[CentOS] Blog article: CentOS is NOT dead

Wed Dec 16 20:24:07 UTC 2020
Valeri Galtsev <galtsev at kicp.uchicago.edu>

On 12/16/2020 12:09 PM, Lamar Owen wrote:
> On 12/14/20 10:54 AM, Yves Bellefeuille wrote:
>> The article states that CentOS will now be "upstream" of RHEL instead 
>> of "downstream". This is strange to me. I never thought CentOS was 
>> upstream or downstream of RHEL; I always thought it *was* RHEL -- 
>> perhaps a little delayed, but that's not the same as being "downstream". 
> CentOS has always been 'downstream' of RHEL.  The CentOS team rebuilt 
> the source packages with the goal of getting as close as possible to 
> what RHEL shipped, but it has never been 100% identical.  You can do 
> the same by pulling all of the package contents from git.centos.org 
> and build the sources in the correct order with the correct software 
> and the correct options to rpmbuild.  Building from git.centos.org is 
> not really hard at all; what is hard is figuring out the order and 
> figuring out the other bits you might need that aren't necessarily on 
> git.centos.org. Building from git is documented at 
> https://wiki.centos.org/Sources?highlight=(git.centos.org) and you can 
> look at an example of how I rebuilt a CentOS 8 RPM to get a 
> non-distributed subpackage rebuilt at 
> https://forums.centos.org/viewtopic.php?f=54&t=73376&p=314200#p314200
> CentOS has never *been* actual RHEL.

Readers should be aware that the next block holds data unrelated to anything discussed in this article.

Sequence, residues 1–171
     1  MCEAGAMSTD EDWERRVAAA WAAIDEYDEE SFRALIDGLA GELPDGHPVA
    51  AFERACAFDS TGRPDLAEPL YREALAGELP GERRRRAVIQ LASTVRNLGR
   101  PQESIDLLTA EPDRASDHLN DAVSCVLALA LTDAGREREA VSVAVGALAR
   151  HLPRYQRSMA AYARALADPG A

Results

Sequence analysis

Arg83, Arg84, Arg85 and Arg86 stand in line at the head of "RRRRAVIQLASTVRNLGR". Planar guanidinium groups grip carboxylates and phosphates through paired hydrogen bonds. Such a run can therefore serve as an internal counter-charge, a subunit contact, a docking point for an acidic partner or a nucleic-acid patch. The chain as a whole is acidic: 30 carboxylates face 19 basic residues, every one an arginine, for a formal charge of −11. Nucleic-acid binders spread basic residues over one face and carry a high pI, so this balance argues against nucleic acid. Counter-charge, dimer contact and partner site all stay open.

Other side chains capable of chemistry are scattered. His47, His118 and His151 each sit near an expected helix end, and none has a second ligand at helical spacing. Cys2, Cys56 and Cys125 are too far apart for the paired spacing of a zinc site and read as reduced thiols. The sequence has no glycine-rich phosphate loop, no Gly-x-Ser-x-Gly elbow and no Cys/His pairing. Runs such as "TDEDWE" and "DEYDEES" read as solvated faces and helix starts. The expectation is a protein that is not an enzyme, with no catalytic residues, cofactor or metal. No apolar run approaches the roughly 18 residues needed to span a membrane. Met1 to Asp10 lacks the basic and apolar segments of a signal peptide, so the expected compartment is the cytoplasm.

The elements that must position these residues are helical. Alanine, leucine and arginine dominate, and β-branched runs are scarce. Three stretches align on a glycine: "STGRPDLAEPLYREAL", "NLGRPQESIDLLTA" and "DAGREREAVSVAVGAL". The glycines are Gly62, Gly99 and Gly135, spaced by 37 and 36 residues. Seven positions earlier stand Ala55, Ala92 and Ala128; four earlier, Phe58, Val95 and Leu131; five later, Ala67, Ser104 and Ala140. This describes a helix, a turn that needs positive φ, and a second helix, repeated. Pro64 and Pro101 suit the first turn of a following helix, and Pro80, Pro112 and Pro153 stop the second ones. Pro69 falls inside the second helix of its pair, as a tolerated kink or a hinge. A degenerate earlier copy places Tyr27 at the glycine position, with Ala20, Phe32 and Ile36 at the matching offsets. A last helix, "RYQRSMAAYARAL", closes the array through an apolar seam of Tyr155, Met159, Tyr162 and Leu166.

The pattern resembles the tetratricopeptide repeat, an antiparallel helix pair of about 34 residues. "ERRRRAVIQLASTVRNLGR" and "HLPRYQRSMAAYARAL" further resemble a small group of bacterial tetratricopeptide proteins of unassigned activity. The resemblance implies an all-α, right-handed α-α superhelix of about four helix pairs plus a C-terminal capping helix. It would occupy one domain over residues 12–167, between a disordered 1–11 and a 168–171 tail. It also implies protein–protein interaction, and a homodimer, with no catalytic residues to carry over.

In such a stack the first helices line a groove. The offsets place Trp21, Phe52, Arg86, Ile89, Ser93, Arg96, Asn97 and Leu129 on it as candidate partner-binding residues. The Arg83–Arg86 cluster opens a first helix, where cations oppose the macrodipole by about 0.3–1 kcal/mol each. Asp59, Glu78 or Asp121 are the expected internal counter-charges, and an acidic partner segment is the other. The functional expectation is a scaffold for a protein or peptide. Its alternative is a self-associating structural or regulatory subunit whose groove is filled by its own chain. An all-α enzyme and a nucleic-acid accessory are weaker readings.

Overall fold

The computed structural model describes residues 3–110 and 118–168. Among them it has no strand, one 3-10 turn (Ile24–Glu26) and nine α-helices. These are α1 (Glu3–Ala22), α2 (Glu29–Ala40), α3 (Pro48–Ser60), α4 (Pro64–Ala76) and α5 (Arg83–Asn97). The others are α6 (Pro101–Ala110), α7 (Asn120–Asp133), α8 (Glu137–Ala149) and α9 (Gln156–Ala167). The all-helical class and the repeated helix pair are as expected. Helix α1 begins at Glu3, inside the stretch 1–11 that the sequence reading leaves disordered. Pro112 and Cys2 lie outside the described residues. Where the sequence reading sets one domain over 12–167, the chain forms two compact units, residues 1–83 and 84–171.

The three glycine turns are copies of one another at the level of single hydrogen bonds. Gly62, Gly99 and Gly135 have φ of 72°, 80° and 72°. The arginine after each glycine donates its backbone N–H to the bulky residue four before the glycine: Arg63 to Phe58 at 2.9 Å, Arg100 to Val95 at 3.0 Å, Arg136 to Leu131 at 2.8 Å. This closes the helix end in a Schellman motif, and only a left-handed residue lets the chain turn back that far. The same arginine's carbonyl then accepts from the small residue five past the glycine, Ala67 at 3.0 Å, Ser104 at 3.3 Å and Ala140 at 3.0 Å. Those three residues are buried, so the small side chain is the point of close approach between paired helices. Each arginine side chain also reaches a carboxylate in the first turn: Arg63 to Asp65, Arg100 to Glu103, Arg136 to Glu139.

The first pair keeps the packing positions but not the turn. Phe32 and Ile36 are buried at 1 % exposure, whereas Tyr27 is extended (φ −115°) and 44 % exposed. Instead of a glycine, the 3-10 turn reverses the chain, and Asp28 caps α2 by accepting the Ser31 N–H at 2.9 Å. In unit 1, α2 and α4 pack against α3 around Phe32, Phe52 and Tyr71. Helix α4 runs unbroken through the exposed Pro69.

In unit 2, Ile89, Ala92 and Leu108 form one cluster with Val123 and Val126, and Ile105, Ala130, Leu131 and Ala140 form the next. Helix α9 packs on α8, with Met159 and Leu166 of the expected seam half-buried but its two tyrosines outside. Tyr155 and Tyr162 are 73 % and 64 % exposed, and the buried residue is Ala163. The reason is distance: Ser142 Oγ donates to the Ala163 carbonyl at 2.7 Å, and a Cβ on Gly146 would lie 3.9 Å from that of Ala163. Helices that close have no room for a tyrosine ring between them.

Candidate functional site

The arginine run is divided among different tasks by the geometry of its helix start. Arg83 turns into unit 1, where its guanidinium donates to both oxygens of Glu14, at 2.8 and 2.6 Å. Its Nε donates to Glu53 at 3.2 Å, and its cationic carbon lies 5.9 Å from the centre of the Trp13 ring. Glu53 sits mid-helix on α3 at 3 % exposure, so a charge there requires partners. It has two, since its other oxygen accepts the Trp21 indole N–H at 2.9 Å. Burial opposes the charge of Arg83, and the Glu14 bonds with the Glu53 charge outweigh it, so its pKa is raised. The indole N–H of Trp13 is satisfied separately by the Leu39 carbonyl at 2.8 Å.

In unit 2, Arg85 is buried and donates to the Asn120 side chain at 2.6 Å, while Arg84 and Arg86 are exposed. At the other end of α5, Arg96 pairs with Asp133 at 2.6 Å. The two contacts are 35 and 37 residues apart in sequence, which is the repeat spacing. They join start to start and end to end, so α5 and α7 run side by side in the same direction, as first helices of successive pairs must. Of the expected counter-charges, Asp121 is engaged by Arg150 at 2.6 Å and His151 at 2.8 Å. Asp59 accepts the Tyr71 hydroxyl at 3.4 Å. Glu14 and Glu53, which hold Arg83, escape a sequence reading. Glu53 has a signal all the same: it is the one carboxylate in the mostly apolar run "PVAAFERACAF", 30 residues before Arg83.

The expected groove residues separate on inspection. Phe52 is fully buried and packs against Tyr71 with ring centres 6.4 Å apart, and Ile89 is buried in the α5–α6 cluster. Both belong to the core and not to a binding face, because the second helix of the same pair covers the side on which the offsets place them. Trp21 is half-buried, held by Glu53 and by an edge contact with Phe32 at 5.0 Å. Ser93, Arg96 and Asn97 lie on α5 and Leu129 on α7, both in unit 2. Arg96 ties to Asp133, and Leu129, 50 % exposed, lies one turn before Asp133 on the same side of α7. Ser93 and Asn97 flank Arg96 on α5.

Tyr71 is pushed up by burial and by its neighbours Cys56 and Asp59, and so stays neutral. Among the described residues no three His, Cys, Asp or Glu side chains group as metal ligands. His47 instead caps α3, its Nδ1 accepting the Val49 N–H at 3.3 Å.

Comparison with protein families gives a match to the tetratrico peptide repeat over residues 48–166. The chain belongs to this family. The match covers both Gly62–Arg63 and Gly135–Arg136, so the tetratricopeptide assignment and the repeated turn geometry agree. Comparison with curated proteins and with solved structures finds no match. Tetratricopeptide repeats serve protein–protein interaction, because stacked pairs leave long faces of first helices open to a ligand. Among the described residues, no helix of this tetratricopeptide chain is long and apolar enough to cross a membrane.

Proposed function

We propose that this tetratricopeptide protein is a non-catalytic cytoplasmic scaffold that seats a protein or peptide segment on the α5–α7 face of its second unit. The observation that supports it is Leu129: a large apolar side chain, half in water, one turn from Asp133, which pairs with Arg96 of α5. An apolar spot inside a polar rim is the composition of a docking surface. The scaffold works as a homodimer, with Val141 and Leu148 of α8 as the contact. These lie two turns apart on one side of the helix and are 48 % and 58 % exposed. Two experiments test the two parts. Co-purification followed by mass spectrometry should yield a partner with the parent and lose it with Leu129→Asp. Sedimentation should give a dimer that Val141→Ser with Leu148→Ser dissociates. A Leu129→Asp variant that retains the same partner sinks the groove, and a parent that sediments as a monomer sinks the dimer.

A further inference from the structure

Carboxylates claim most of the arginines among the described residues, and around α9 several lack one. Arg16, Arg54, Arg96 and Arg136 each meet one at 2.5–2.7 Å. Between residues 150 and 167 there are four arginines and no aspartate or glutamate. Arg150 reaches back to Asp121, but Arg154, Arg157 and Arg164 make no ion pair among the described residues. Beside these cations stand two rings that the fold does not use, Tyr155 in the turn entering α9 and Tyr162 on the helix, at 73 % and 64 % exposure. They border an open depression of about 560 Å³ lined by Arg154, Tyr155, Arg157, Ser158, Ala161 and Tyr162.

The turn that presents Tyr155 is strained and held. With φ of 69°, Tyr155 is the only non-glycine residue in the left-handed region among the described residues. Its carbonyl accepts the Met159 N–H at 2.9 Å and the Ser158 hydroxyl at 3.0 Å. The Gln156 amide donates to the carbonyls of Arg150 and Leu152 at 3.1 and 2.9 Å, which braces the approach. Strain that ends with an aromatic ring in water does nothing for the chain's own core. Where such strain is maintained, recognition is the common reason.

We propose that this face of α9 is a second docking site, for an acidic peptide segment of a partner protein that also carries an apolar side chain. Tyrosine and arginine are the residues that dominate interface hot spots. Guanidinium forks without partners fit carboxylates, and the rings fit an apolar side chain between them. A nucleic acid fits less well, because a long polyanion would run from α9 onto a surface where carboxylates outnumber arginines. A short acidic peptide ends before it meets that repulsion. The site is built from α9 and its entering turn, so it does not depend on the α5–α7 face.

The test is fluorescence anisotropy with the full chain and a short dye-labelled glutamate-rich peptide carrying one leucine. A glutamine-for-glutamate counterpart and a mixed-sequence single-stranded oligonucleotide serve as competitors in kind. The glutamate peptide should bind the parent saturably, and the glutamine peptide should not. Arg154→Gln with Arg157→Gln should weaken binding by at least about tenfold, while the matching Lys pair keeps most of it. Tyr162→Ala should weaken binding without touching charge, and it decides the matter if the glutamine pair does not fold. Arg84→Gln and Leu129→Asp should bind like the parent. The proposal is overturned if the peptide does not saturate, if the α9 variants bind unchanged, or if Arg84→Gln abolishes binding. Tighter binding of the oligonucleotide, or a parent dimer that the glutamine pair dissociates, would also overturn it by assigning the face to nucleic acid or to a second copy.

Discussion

>> It's also clear that Red Hat didn't understand the importance of the 
>> 10-year support period.
> If they didn't understand it, they wouldn't offer it for RHEL. They 
> just believe that if you need that you should pay something for it.

Yes and no. Yes, in a sense that RedHat always meticulously followed 
requirements of GPL, and was putting sources of their "derivative" work 
of backporting as srpms. And "paid" meant putting effort into correctly 
rebuilding everything, so yes, what we used (roughly called "binary 
replica" if RHEL) in fact was paid by downstream vendors' efforts.

No, in a sense, RedHat never had, and shouldn't have been expecting 
being paid for just following GPL letter and having source RPMs freely 
available. A always praised them for always following GPL.

With utmost respect,

And fully agreeing with the rest of your post,


> A 10-year support lifespan, even doing a straight rebuild of the 
> packages from RHEL, has a huge cost, and someone has to pay those 
> costs. Should Red Hat's paying customer base subsidize those costs? 
> (if you say 'Red Hat should pay for it' that actually means you think 
> Red Hat's paying customers should pay for it, because that's where Red 
> Hat's money comes from).  In the case of Oracle Linux, Oracle has 
> decided that yes, their paying support customers should subsidize the 
> cost for those who aren't paying.  Someone, somewhere, must pay the 
> costs; in a volunteer project the volunteers typically pay the labor 
> cost themselves, and in many cases pay the cost of the compute 
> hardware, bandwidth, and electricity required; these are not small 
> costs, and someone, somewhere, must pay them.  If the costs aren't 
> adequately covered, the project's deliverables suffer, and users 
> complain.
> It really just boils down to a cost without a tangible return on 
> investment.  It remains to be seen if the intangible ROI was as large 
> as the vocal reaction to the transition announcement would imply.
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